Not very easily adopted by manufacturing firms

 Partially obsolete systems

 Changes in management philosophy & lack of top management commitment and support

• Misconceptions by companies that FMS is applicable only for large scale production

Japan and Germany are one of the leading companies adopting FMS. Aerospace, automotive, machine tools, power and defence industries in USA, France, Russia and UK use FMS.

Examples of some firms using FMS completely or partially;

1. Boeing’s aircraft components manufacturing plant in Auburn, WA

2. Chrysler’s Toronto plant

3. Ford’s sheet metal parts manufacturing plant in New Holland, PA

4. Mazak’s parts for machine tools manufacturing plant in Florence, Ky

5. General Electric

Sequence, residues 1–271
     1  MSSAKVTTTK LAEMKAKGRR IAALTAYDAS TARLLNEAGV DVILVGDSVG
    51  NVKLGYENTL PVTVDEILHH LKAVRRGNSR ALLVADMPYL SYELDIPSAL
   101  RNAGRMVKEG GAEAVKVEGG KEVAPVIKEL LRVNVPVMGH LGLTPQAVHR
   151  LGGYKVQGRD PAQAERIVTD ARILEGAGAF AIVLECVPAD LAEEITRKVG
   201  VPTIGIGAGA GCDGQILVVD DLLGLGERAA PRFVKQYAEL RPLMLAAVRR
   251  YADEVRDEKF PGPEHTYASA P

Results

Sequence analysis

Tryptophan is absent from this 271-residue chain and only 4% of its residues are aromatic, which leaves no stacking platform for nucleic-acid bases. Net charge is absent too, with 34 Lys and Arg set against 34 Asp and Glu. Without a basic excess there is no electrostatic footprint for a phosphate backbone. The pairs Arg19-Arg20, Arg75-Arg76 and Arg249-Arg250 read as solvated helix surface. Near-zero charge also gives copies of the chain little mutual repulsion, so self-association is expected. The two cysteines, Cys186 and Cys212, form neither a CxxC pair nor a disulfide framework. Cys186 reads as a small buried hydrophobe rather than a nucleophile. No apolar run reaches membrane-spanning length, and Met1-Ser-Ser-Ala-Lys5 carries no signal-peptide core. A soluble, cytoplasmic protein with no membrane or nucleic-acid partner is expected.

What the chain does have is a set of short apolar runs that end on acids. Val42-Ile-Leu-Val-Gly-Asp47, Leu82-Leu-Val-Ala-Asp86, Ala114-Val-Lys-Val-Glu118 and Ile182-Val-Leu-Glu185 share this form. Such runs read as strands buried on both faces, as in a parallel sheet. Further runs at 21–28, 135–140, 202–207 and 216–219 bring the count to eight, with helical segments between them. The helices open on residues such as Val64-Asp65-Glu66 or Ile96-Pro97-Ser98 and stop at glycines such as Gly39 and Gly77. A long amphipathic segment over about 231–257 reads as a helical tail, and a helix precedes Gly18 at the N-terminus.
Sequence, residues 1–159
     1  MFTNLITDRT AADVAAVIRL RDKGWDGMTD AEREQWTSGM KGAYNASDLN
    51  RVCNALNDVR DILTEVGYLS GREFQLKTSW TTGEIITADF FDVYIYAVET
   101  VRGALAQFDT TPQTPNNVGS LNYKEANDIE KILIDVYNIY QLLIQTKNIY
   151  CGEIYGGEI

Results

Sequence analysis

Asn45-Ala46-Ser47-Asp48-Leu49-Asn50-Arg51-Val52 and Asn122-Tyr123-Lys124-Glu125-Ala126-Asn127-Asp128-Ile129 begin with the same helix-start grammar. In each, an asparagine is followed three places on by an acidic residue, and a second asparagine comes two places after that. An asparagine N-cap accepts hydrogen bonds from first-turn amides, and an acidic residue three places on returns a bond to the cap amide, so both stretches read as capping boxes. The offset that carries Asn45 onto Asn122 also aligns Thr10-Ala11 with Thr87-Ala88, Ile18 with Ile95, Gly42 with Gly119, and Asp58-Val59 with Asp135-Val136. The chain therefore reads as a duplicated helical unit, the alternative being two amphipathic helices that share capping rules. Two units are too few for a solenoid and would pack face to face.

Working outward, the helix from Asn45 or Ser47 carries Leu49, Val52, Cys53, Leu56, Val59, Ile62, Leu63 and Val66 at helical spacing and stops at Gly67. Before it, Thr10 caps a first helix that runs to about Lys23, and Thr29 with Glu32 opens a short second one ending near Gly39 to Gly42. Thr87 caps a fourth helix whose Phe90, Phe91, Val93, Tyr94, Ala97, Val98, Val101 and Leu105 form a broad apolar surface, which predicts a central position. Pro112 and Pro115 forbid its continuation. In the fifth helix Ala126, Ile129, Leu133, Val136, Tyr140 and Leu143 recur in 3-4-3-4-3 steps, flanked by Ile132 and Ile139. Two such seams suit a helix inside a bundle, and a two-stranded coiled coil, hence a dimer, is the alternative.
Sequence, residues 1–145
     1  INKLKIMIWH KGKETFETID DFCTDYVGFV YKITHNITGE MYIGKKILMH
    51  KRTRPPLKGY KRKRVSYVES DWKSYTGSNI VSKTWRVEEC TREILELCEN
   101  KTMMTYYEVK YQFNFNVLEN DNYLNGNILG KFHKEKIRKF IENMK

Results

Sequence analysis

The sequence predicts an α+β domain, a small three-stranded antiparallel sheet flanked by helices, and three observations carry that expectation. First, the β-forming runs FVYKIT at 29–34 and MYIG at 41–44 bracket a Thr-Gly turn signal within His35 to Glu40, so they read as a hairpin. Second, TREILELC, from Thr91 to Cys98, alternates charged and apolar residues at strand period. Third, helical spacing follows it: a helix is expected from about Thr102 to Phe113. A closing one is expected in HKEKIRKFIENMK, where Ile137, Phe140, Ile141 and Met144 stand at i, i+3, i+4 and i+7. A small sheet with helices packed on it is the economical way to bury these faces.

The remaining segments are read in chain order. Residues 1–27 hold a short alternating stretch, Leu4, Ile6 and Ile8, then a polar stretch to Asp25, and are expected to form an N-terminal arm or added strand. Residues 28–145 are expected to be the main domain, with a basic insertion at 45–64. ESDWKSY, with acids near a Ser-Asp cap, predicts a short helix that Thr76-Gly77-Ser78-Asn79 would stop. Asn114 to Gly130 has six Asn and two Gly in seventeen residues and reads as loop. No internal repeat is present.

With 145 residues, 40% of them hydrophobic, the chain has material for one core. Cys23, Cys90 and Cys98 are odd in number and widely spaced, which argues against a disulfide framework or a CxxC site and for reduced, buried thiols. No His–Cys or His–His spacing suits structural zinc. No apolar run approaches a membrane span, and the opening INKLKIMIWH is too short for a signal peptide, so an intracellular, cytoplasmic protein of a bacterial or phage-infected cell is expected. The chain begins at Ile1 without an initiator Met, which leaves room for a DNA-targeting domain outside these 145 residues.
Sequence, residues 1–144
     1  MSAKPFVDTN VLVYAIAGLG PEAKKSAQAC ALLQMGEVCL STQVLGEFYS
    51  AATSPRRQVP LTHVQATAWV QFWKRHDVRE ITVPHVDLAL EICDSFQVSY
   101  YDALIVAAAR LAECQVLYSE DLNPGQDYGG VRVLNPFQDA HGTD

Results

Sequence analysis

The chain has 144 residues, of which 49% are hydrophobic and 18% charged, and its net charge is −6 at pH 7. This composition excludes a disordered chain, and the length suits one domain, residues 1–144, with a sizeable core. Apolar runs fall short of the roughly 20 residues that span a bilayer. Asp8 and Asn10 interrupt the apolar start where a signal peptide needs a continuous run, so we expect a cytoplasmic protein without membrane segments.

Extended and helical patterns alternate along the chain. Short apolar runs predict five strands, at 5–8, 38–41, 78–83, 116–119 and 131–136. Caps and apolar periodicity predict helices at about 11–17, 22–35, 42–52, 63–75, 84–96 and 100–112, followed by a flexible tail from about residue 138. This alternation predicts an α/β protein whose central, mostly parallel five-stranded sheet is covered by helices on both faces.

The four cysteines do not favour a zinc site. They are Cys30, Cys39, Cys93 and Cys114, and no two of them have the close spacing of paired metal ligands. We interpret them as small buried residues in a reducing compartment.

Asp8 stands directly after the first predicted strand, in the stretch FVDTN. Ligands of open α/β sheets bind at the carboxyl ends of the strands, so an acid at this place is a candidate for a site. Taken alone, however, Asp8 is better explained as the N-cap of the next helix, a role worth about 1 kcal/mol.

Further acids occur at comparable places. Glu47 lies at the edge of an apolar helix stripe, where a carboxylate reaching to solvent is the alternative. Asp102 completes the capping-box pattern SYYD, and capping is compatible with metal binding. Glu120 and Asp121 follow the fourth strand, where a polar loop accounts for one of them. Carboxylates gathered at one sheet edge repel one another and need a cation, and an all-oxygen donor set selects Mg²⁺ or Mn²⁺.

6. Levis Strauss uses FMS to make jeans for women that fit them exactly

7. Allen Bradley

8. Hughes aircraft plant in California

9. Goodyear tire manufacturers use FMS, etc

FMS is also called Agile Manufacturing since it is a technology adopted to achieve agility by manufacturers. An agile manufacturer is one who is the fastest in responding to the market changes, operates with the lowest total cost and has the greatest ability to provide customer satisfaction. Hence FMS is a necessity rather than a luxury for most of the manufacturers in the competitive world today!


Automation, Production systems and Computer Integrated Manufacturing by M P Groover

Cad/Cam Principles and Applications by P N Rao

About the Author : Sharmeen Sahibole is a student of M.E. Robotics.  Views are personal.

The articles are for educational & academic purpose only, and have been uploaded by the MBA Skool Team.